Autism: Educational or Medical Treatment?
31st May 2012
By: Steven Muller
This week we took a step closer to answering the question “Is autism a medical or educational challenge?”
The question is significant because it helps us define which resource may fund solutions.
The insurance industry has long held that autism requires educational intervention and that health insurance should not cover this expense. This week the largest US employer, the United States federal government, reversed this position. The federal government employee health insurance recognizes that those covered by their health plan will be entitled to receive applied behavior analysis as a medical therapy to treat autism.
It should be noted this change does not mandate health insurance coverage for ABA treatment but it opens the door to a large group of Americans and sets a reasonable standard for moving autism services forward.
Iowa took a lead role a year ago when we passed a bill which offered ABA treatment for children with autism covered by our state employee health insurance plan. This year Iowa lawmakers considered a similar bill that would extend coverage to all health plans covered under Iowa law. Unfortunately this bill failed to pass.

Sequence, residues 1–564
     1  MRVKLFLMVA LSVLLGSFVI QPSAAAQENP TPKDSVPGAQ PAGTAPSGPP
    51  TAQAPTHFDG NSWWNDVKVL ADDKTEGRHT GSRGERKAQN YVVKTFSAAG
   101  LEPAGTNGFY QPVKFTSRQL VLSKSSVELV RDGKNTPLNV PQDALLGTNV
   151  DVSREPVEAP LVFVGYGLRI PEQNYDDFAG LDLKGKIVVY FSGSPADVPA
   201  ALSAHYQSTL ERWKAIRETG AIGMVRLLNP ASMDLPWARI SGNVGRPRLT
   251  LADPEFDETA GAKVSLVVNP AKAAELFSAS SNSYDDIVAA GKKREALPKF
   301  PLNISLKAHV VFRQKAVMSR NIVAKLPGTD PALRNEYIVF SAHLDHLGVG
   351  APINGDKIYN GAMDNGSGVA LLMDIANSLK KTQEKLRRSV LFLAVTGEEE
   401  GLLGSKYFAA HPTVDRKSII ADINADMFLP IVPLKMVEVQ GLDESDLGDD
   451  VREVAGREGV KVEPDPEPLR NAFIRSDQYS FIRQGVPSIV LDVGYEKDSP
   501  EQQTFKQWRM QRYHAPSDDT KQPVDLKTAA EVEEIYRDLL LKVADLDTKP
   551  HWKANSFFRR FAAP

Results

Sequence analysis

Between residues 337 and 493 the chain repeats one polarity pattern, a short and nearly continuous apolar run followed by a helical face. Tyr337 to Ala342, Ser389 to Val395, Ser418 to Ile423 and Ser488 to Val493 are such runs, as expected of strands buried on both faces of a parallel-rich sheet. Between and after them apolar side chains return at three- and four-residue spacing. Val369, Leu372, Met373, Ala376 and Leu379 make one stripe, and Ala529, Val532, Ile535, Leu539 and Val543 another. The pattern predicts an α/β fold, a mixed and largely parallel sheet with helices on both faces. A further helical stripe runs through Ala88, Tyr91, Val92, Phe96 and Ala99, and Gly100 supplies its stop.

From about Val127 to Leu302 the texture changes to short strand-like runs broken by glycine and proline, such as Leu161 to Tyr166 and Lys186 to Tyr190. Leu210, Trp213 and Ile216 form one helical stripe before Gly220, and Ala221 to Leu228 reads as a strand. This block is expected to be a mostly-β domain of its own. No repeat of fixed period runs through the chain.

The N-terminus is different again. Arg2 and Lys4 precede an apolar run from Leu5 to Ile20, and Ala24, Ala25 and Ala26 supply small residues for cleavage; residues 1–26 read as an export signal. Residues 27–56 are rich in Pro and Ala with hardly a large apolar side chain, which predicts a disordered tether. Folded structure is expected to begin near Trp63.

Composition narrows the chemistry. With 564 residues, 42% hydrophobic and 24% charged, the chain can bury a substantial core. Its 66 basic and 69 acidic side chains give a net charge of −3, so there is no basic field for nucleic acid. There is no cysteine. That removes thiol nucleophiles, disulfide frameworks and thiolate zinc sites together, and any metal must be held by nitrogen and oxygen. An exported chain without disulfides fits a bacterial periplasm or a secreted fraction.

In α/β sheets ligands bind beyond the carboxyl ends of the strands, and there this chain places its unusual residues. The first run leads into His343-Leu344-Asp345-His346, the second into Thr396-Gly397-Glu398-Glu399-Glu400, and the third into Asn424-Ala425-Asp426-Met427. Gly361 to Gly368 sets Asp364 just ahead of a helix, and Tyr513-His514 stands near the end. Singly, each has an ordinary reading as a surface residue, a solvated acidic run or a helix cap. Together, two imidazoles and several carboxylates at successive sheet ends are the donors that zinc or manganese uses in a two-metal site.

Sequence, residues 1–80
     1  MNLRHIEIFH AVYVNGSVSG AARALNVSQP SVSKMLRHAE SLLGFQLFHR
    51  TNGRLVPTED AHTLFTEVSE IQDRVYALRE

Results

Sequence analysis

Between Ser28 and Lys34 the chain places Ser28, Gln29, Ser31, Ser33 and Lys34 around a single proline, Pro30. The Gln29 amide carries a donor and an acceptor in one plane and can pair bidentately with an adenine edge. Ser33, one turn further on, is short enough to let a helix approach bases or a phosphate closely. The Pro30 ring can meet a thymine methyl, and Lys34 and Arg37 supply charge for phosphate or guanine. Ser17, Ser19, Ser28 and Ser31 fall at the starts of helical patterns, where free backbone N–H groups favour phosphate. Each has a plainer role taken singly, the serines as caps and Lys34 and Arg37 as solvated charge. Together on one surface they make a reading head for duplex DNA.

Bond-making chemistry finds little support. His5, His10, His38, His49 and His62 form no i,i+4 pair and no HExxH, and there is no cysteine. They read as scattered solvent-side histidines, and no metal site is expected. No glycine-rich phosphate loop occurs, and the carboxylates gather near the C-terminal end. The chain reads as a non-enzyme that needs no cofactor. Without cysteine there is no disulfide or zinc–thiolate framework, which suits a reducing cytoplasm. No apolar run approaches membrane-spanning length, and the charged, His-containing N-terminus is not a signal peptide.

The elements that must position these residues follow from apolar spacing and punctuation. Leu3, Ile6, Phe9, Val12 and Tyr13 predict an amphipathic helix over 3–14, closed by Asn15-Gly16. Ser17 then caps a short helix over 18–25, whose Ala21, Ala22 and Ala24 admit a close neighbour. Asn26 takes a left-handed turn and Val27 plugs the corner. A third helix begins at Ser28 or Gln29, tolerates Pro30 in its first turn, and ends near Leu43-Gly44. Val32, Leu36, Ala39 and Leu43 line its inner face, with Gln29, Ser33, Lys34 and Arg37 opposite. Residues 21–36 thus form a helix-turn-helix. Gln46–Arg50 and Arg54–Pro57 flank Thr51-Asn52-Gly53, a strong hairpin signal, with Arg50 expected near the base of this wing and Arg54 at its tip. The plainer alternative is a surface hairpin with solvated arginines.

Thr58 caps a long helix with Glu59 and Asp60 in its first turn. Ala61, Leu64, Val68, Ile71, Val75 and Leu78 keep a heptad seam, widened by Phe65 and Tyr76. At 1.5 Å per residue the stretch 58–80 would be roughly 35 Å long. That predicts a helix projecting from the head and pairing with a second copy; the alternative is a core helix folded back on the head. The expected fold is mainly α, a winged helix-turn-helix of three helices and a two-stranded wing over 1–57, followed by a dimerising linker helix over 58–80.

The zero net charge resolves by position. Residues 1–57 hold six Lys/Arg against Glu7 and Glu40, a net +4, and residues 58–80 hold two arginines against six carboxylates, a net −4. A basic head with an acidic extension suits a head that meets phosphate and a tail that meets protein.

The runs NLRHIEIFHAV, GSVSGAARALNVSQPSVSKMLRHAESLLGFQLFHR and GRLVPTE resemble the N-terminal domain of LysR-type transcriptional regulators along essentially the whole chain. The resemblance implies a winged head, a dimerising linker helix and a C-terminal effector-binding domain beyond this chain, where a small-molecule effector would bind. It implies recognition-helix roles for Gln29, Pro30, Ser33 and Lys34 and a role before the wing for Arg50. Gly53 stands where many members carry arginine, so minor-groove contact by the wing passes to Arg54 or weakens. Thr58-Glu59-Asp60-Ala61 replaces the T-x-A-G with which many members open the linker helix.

Insurance companies lobbied lawmakers claiming the increased cost for ABA treatment would add costs and the state should avoid such mandates. What lawmakers fail to recognize is that early intervention can significantly decrease the need for expensive and life long services for an exploding population. There is also substantial evidence from other states that enacted similar ABA mandates that the final cost to participants is miniscule.
When we leave autism untreated the costs for adult services skyrocket. Currently taxpayers pick up this bill. These are the same taxpayers that pay health insurance premiums.
Invest early in children with autism.
Comment? Email me at Steve@TheHomestead.org